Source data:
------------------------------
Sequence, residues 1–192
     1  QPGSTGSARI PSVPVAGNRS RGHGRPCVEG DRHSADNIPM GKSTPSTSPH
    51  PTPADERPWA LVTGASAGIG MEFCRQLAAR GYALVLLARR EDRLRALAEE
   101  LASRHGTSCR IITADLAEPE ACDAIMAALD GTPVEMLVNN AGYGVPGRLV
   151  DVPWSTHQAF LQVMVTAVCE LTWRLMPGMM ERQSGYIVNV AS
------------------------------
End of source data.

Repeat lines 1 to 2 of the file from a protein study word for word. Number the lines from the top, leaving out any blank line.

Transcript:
Sequence, residues 1–192
     1  QPGSTGSARI PSVPVAGNRS RGHGRPCVEG DRHSADNIPM GKSTPSTSPH